Backfiring with Backhaul Problems: Trade and Industrial Policies with Endogenous Transport Costs
Jota Ishikawa & Nori Tarui
Journal of International Economics, forthcoming


Trade barriers due to transport costs are as large as those due to tariffs. This paper incorporates the transport sector into a standard model of international trade and studies the effects of trade and industrial policies. Transport firms need to commit to a shipping capacity sufficient for a round trip, with a possible imbalance of shipping volumes in two directions. This imbalance is known as the "backhaul problem." As transport firms attempt to avoid this problem, a tariff in one sector may affect other independent import and/or export sectors. In particular, domestic tariffs may backfire: domestic exports may also decrease, harming domestic export sectors and the domestic economy. This finding contributes to the literature on how import liberalization may generate a positive effect on the liberalizing country's exports by identifying a new channel through endogenous changes in transport costs given the backhaul problem.

Market size in globalization
Hayato Kato & Toshihiro Okubo
Journal of International Economics, March 2018, Pages 34-60


A salient feature of the current globalization is a loss of manufacturing in developed countries and rapid industrialization in middle-sized developing countries. This paper aims to construct a simple three-country trade and geography model with different market sizes and non-constant wage rates. The large country fosters industrial agglomeration (geographical concentration) in the early stage of globalization, but loses manufacturing in the later stage of globalization. When losing manufacturing, the large country might be worse off. Thus, the large country might have an incentive to implement welfare-maintaining policies to prevent a loss of manufacturing. All of these results can be explained by market sizes.

US Exports and Employment
Robert Feenstra, Hong Ma & Yuan Xu
NBER Working Paper, November 2017


We examine the employment responses to import competition from China and to global export expansion from the United States, both of which have been expanding strongly during the past decades. We find that although Chinese imports reduce jobs, at both the industry level and the local commuting zone level, the global export expansion of US products also creates a considerable number of jobs. On balance over the entire 1991-2007 period, job gains due to changes in US global exports were slightly less than job losses due to Chinese imports. Using data at both the industry level and the commuting zone level, we find a net loss of around 0.2-0.3 million jobs. When we extend the analysis to 1991-2011, we find the net job effect of import and export exposure is roughly balanced at the commuting zone level.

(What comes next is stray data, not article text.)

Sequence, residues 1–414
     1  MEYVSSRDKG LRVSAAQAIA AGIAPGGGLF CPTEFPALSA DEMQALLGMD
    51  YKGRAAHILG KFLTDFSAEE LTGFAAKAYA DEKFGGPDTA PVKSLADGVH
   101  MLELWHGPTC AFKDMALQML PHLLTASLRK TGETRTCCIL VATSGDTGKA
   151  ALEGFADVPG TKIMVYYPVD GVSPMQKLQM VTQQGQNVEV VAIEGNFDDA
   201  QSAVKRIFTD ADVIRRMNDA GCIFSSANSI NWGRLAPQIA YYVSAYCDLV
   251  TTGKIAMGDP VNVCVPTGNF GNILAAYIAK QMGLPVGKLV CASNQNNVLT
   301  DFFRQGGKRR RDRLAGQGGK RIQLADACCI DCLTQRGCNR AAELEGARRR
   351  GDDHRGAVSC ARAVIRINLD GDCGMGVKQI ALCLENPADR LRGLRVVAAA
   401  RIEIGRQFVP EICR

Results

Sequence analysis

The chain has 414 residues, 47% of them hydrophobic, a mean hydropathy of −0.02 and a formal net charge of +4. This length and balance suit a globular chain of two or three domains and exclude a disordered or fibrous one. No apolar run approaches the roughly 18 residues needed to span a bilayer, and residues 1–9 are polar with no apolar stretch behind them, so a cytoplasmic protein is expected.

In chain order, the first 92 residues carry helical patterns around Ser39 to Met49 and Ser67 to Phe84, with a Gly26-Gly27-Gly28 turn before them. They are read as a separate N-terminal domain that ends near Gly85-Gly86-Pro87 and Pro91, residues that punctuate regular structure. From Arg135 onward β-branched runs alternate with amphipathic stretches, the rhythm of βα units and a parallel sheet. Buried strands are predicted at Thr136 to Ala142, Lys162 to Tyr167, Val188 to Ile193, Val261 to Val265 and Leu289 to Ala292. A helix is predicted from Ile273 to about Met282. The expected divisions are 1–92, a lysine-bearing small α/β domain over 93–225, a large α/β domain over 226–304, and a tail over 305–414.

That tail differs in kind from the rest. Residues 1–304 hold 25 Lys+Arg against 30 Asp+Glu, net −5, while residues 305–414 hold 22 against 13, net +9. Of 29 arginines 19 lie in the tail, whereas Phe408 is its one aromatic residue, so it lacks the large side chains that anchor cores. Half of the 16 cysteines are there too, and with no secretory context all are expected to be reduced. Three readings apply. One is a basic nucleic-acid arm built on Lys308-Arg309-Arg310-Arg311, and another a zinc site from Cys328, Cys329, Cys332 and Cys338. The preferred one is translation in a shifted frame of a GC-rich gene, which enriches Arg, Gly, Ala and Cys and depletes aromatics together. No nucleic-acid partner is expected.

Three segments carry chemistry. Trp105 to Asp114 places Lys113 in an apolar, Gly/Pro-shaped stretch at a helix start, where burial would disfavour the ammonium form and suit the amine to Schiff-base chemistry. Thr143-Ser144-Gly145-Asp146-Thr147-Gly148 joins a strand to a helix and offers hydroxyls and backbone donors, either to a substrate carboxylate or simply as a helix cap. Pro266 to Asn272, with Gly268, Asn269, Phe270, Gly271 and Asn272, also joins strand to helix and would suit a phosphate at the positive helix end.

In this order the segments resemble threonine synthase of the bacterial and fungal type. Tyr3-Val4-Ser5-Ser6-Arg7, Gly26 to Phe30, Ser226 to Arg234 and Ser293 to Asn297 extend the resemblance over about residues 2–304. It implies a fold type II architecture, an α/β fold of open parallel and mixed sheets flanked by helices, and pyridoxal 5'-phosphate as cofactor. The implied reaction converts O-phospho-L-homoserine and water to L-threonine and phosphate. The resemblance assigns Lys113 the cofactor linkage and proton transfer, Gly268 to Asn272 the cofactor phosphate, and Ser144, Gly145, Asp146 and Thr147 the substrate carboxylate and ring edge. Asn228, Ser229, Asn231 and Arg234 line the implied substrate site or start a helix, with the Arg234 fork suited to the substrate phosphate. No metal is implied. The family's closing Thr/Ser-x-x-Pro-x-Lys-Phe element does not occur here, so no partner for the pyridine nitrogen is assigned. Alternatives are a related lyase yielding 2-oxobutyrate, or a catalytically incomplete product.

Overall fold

The 'China Shock', Exports and U.S. Employment: A Global Input-Output Analysis
Robert Feenstra & Akira Sasahara
NBER Working Paper, November 2017


We quantify the impact on U.S. employment from imports and exports during 1995-2011, using the World Input-Output Database. We find that the growth in U.S. exports led to increased demand for 2 million jobs in manufacturing, 0.5 million in resource industries, and a remarkable 4.1 million jobs in services, totaling 6.6 million. One-third of those service sector jobs are due to the intermediate demand from merchandise (manufacturing and resource) exports, so the total labor demand gain due to merchandise exports was 3.7 million jobs. In comparison, U.S. merchandise imports from China led to reduced demand of 1.4 million jobs in manufacturing and 0.6 million in services (with small losses in resource industries), with total job losses of 2.0 million. It follows that the expansion in U.S. merchandise exports to the world relative to imports from China over 1995-2011 created net demand for about 1.7 million jobs. Comparing the growth of U.S. merchandise exports to merchandise imports from all countries, we find a fall in net labor demand due to trade, but comparing the growth of total U.S. exports to total imports from all countries, then there is a rise in net labor demand because of the growth in service exports.